In some cases, you can make a formal application to have your band changed. This is called making a proposal.
You can make a proposal within 6 months of:
- becoming a new council tax payer on a property
- the local assessor notifying you that your banding has changed.
You can also make a proposal if:
- your property has been demolished
- substantial changes have occurred in the locality that have affected the value of your home as at 1 April 1991
- your property has been adapted for a disabled person.
If you want to make a proposal, ask the local assessor to send you a proposal form to fill in.
If you disagree with the local assessor’s decision on your proposal, you can appeal to an independent valuation appeal committee.
There's more information about council tax banding on the Scottish Assessors Association’s website.
Other complaints about council tax
You can complain to your local council if there is a dispute about:
- whether or not someone is a liable person. This includes a dispute about someone who is jointly liable because there are 2 or more people on the same level of hierarchy or where someone is jointly liable because they are 1 of a couple
- whether or not the water and/or sewerage charges for the property are due and you're the liable person
- whether or not the calculation of the water and/or sewerage charges is correct
- whether a property is exempt
- whether a discount applies
- whether or not the reduction scheme for disabled people applies to you.
The following people can complain:
- a liable person, including someone who is jointly liable
- someone who is directly affected by the decision, for example, the executor of the estate of a liable person who has died.
You must write to your local council with your complaint. The local council should send you a reply within 2 months.
If you're not happy with the council's decision, you can appeal against it to the valuation appeal committee. If the local council doesn't reply within 2 months, you can appeal direct to the valuation appeal committee, as long as it's less than 4 months since you first wrote to the local council.
Valuation appeal committee
An appeal must be made by notifying the council within 4 months of the date on which you first raised your grievance with them. You must explain why you want to appeal and also state the date on which you wrote to the council. The council will pass your appeal to the secretary of the relevant local valuation appeal committee.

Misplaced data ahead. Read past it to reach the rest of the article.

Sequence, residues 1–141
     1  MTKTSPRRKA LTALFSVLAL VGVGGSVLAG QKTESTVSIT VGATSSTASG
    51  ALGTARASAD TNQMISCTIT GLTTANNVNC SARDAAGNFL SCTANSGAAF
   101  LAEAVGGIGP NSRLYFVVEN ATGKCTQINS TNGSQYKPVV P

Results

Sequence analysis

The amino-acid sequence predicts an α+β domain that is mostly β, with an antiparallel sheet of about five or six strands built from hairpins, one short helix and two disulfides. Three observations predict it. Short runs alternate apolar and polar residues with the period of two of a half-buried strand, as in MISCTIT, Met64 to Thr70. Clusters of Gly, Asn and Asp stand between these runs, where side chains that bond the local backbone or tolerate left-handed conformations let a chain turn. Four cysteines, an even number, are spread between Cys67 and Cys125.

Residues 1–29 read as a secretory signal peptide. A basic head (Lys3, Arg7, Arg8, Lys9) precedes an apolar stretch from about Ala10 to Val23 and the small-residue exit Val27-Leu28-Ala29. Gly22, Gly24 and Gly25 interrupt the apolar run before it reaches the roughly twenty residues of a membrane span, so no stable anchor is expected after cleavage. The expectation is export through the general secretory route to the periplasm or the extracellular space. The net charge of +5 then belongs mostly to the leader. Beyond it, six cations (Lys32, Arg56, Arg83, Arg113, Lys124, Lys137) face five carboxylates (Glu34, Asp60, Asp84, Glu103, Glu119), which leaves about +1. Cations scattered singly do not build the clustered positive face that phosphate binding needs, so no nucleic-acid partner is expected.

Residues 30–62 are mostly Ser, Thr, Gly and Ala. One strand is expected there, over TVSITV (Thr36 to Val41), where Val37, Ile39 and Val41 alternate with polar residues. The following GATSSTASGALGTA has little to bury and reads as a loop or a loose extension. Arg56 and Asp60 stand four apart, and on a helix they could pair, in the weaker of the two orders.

You must continue to pay your original council tax bill whilst your appeal is outstanding.
You do not have to pay anything to make an appeal.
When they get your letter, the valuation appeal committee will acknowledge it and send you information about the procedure.
It will send you a notice of the hearing – you should get at least 4 weeks notice. You are advised to go to the hearing in person to put your case. If you have problems understanding English, it can provide an interpreter. It can also arrange to meet other needs if you're disabled, for example, if you have mobility problems or need special equipment.
In all cases the valuation appeal committee will consider all the information about the particular case and will decide what should happen.
The valuation appeal committee cannot hear appeals about:
- why you have not paid your council tax
- the level of discount or surcharge for second homes or long-term empty homes (except where the discount is not within limits laid down in law). You can only challenge these discounts in court, using judicial review. You’ll need specialist legal advice before taking one of these cases.
If you want to make an appeal about council tax, you should consult an experienced adviser, for example, at a Citizens Advice Bureau - where to get advice.
Particular circumstances including students and mobile homes
There are particular points to remember in the following circumstances:
If you live permanently in a hotel
You won't be liable for council tax on the property although the hotel charges would probably include an amount towards any council tax payable
If you have more than one home
You will probably pay a reduced council tax on your second home (if no-one lives there) and full council tax on your main home (unless you are entitled to discounts or reductions where you mainly live).
If you own or rent a caravan or mobile home
If you live permanently in a caravan or mobile home you will have to pay the council tax unless you are disregarded because of other circumstances.
People who have a fixed caravan as a holiday home will pay business rates.
Towing caravans kept at your home will not be subject to either council tax or business rate.
If you're a full-time student or British Council Foreign Language Assistant
You'll have to pay council tax if you're the liable person for a property. However, if all the people living in the property are students or Foreign Language Assistants, no council tax will be payable.
If some of the residents are students or Foreign Language Assistants, the council tax might be reduced.